Painting: S. Uchii, 2003
Lex I: Corpus omne perseverare in statu suo quiescendi vel movendi uniformiter in directum, nisi quatenus a viribus impressis cogitur statum illum mutare.
Law I: Every body persists in its state of being at rest or of moving uniformly straight forward, except insofar as it is compelled to change its state by force impressed.
Often called the Law of Inertia, Sir Isaac Newton's First Law of Motion was presented in 1686 in his thesis: "Principia Mathematica Philosophiae Naturalis".
The First Law of Motion simply means this:
1. An object at rest tends to stay at rest.
2. An object in motion tends to stay in motion.
How does this apply to tennis players?
A few ways:
*Your feet must always be in motion. Tennis is a game played with your feet much more than a game played with a racket. It's really about getting your feet into proper position to execute your stroke.
*If your feet are still and you are standing on your heels, you are an "object at rest", tending to stay at rest.
*Dr. Jack Groppel, a leader in biomechanics and sport science, once wrote that when a tennis player's heels are flat on the court, "The force between your shoes and the court is equal to your body weight."
*Example: Let's say that you weigh 175 pounds. Then, it is as if there is a weight of 175 pounds on top of your head that must be moved off before you can approach the ball to hit it.
*The solution in tennis to this problem is what teaching pros call: the split-step. Or more correctly, the "split-step and react." Some people call it "hop-and-go."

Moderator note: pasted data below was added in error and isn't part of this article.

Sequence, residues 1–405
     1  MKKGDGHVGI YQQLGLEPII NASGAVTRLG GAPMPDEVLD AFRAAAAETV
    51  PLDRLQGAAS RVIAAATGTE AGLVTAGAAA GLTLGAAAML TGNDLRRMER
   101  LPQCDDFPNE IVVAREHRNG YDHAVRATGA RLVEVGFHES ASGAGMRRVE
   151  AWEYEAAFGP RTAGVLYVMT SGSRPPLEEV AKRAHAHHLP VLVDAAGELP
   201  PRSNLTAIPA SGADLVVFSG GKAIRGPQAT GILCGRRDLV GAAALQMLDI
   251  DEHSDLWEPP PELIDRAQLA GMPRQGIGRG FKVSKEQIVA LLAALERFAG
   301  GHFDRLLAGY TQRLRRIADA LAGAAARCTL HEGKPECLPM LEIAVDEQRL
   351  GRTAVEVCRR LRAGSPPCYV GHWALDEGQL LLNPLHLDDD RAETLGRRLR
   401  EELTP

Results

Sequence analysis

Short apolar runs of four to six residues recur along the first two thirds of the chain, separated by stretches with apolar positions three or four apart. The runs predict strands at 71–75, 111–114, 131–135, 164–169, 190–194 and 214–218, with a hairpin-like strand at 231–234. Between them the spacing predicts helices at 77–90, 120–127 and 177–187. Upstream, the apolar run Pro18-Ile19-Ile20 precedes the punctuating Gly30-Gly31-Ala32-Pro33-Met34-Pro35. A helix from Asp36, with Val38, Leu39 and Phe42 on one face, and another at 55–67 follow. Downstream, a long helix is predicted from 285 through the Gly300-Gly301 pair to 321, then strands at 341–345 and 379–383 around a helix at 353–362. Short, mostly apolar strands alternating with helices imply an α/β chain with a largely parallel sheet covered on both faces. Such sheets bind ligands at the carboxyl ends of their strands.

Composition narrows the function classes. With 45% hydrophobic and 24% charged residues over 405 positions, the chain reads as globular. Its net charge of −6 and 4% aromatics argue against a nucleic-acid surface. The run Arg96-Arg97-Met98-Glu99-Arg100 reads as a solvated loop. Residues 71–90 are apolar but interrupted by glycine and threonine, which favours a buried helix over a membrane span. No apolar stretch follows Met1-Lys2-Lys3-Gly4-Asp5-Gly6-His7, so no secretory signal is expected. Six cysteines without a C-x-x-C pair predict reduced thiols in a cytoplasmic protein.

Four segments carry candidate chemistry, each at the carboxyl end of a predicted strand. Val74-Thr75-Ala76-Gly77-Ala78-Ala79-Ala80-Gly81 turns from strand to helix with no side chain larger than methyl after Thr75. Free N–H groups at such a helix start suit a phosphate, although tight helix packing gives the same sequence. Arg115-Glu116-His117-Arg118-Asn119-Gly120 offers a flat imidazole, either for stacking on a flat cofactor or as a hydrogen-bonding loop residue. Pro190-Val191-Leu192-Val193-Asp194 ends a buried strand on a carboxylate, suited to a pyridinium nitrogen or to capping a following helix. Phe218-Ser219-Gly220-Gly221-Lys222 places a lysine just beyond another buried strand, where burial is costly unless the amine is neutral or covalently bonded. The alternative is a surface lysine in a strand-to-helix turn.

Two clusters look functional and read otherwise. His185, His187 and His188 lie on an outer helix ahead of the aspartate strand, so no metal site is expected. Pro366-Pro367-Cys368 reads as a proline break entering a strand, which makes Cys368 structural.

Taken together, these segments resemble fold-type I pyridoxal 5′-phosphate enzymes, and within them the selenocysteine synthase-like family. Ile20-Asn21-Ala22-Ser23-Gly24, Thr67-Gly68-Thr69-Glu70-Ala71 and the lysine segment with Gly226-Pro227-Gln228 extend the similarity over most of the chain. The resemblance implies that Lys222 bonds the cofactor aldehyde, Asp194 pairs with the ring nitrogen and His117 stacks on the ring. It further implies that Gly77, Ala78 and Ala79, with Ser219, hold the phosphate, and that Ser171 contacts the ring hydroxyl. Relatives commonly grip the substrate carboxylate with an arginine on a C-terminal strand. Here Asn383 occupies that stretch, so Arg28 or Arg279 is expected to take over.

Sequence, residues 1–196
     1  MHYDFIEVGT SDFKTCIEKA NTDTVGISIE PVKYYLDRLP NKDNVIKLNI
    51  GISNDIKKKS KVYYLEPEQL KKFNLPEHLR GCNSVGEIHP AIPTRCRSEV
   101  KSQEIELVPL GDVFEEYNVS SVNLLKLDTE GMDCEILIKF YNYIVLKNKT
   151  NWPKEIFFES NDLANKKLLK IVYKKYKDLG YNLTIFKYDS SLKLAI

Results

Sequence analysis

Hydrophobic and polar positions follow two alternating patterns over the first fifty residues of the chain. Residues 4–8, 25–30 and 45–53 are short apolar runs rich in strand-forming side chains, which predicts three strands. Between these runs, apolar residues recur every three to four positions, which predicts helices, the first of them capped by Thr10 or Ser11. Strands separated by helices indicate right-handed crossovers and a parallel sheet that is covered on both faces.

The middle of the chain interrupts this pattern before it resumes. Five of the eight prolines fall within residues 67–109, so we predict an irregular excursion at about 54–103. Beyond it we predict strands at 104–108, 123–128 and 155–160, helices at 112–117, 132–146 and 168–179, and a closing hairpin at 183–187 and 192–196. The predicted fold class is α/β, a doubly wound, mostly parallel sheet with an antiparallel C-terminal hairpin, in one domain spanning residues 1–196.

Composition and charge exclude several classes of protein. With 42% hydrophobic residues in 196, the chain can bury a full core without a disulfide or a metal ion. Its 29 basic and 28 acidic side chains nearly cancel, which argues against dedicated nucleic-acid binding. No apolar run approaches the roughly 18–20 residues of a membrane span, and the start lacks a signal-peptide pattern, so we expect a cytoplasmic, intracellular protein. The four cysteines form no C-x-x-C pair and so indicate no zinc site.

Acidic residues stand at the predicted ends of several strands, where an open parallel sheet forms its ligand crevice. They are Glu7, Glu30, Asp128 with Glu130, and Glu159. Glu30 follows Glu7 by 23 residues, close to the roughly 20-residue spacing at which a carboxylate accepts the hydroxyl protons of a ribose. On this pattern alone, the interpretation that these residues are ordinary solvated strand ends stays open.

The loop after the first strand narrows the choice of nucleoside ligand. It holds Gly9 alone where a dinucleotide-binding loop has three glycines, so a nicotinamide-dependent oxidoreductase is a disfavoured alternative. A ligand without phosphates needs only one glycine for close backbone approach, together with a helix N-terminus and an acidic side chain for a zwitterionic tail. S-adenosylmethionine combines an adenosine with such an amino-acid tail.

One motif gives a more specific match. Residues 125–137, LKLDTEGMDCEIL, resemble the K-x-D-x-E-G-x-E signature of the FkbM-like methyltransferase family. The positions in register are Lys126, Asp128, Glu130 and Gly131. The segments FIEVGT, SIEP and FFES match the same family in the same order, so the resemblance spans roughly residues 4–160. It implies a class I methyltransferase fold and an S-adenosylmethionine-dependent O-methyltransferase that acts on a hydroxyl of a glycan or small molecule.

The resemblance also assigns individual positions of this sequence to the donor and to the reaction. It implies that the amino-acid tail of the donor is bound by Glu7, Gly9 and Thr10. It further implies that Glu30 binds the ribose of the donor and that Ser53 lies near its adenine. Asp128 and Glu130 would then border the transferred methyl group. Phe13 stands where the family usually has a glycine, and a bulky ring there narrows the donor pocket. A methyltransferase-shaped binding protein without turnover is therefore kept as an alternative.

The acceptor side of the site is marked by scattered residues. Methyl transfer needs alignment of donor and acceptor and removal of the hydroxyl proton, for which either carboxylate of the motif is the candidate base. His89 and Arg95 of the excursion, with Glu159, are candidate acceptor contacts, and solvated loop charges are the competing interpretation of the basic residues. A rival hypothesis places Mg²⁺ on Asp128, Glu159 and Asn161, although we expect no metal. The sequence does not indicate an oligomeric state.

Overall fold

*The split-step is a simple hop up off the court, with bent knees, just before the ball makes contact with the opponent's racket. Thus, at the precise moment when the opponent makes ball contact, your body is in the air - an "object in motion", tending to stay in motion. And, as it comes down, your body is already reacting and moving to the ball.
*The timing of the split-step is vital - split-stepping too soon or too late renders the player's game ineffective.
*Ideally, the split-step is done before every type of shot hit by the opponent: groundstroke, volley, serve, return, anything.
*The most important part of the split-step is not the split-step itself, but the "react" part just after the split-step. This reaction is a explosive first step towards the ball, with the shoulder turned or snapped in the appropriate direction to respond with forehand or backhand.
*The continuous "split-step" for every oncoming shot is a hallmark of the advanced player.
*Tennis is a game of "movement" much more than a game of "hitting".
Tennis: Split-Step Importance